Anaphylaxis is an acute systemic hypersensitivity reaction involving several organ systems, particularly the skin, respiratory tract, gastrointestinal tract and the cardiovascular system. During surgery, early cutaneous signs of anaphylaxis are often unrecognised because patients are unconscious and they are under drapes. Therefore, bronchospasm and cardiovascular collapse are the first recognisable signs of anaphylaxis. A survey of anaphylaxis when under anaesthesia demonstrated that cardiovascular symptoms (73.6%), cutaneous symptoms (69.6%), and bronchospasm (44.2%) were the most common clinical features.2 During this operation only oxygen desaturation occurred. There were no cardiovascular or cutaneous symptoms. However, during prick testing he had angio-oedema and although there were no signs of bronchospasm he had symptoms of laryngeal obstruction and hypotension.
Serum tryptase is a mast cell protease that is increased in cases of anaphylaxis and can be measured in serum and plasma 30min after the first signs of anaphylaxis and correlate with the presence of hypotension. The half-life of tryptase is 2h and the levels gradually decrease over time. Tryptase may not be increased in the absence of hypotension.3 In our case, during anaesthesia serum tryptase levels did not increase as he had no hypotension and also during prick testing his serum tryptase level was at the upper limit. The absence of serum tryptase does not eliminate an anaphylactic reaction since there have been reports of anaphylaxis with positive tests for IgE antibodies in the setting of an absence of serum tryptase.
The evaluation of anaphylaxis is based on serum tryptase levels, skin prick and intradermal tests, basophil activation assays and drug specific IgE levels. The specificity and sensitivity of the skin tests to muscle relaxants is greater than 95%. The overall concordance of prick testing and intradermal test is 97%. Both types of tests can be used for such diagnosis.4 A study from France, including a total number of 68 children who had hypersensitivity reactions to general anaesthesia, reported that 31 (60.8%) of the children had IgE-mediated anaphylaxis for NMBD, most with vecuronium. They reported no systemic reactions during tests and suggested that skin tests with anaesthetic agents are feasible and safe in children and improve the safety of subsequent anaesthetic procedures.5 Farrell et al.,6 reported a case of anaphylactoid reaction during intradermal testing with vecuronium when used with a higher than recommended test dose. In our case, desaturation was the only finding during anaesthesia whereas he had hypotension, angio-oedema and respiratory difficulties during testing. This could be explained by repetitive doses, which, although they were minimal, can remind the body about its hypersensitivity to the drug and induce more severe symptoms of anaphylaxis. To the best of our knowledge the age of our case was the youngest child ever to experience anaphylaxis during intradermal testing with vecuronium in the English literature.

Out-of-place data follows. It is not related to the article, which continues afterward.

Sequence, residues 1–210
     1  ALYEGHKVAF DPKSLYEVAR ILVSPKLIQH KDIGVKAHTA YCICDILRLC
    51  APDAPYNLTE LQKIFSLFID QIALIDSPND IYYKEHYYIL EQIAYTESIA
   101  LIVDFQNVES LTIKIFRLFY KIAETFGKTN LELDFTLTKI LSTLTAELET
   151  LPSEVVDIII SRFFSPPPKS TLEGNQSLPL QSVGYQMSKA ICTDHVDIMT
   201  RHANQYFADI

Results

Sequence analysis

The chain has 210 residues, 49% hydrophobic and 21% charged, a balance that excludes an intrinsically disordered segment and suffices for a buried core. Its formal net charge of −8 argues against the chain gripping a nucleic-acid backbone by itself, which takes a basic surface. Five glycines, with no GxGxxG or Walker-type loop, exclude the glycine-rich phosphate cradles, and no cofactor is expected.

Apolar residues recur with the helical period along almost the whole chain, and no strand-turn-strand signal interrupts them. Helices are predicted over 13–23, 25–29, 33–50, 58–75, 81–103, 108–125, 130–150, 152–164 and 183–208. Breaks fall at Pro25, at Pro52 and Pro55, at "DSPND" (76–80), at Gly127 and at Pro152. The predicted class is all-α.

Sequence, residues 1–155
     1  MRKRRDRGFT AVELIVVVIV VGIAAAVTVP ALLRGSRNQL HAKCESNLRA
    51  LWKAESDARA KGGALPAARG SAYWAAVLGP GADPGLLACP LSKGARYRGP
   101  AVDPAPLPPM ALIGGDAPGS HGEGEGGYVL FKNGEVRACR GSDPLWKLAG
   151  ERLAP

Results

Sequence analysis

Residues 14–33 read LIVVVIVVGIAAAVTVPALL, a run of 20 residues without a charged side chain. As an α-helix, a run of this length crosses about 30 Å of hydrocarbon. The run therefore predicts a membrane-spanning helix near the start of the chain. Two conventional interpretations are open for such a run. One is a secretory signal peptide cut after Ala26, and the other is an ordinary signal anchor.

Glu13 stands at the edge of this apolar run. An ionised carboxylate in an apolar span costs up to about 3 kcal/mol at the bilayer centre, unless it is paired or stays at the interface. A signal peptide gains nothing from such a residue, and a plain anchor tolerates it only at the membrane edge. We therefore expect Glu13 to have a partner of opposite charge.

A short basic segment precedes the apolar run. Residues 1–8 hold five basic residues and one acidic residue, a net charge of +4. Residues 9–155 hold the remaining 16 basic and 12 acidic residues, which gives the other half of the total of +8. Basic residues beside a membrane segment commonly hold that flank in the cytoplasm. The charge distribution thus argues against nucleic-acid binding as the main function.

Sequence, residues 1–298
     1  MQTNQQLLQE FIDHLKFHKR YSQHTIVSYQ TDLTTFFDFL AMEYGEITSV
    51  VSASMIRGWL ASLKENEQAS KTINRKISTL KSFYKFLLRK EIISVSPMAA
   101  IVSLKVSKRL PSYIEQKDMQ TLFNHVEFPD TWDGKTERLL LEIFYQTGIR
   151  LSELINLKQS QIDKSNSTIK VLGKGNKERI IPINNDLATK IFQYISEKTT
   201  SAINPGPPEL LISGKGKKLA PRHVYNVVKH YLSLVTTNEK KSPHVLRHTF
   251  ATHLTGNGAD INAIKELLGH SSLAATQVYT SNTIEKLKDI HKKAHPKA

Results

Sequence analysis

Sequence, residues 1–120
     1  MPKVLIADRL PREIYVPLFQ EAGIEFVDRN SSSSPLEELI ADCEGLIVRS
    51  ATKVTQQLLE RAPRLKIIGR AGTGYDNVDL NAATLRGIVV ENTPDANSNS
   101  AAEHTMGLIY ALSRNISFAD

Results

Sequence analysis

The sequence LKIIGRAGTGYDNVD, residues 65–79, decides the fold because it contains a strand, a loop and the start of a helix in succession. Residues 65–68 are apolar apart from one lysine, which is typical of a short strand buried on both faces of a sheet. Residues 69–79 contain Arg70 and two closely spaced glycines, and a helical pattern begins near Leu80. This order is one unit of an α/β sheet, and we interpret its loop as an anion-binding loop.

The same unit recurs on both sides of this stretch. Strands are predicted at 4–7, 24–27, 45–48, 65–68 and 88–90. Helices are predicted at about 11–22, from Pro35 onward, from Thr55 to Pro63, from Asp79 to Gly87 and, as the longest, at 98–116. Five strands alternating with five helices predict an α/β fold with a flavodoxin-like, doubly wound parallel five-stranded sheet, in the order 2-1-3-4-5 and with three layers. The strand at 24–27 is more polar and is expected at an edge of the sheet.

In conclusion, although prick tests and intradermal tests are principally safe, they should be performed only by trained physicians in a setting with adequate resuscitation equipment, due to the risk of a systemic reaction. Moreover, we suggest performing prick and intradermal tests even if the patient has a strong history of anaphylaxis.
We would like to thank Martin Davide Morelli for his assistance in editing the English language.
Corresponding author. firstname.lastname@example.org
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3.Schwartz LB, Bradford TR, Rouse C, Irani AM, Rasp G, Van der Zwan JC, et-al. Development of a new, more sensitive immunoassay for human tryptase: use in systemic anaphylaxis. J Clin Immunol. 1994;14:190-204.
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6.Farrell AM, Gowland G, McDowell JM, Simpson KH, Watkins J. Anaphylactoid reaction to vecuronium followed by systemic reaction to skin testing. Anaesthesia. 1988;43:207-9.
a Dr. Sami Ulus Research and Training Hospital of Women's and Children's Health and Diseases, Clinic of Pediatric Allergy and Asthma, Ankara, Turkey
b Dr. Sami Ulus Research and Training Hospital of Women's and Children's Health and Diseases, Clinic of Anesthesia and Reanimation, Ankara, Turkey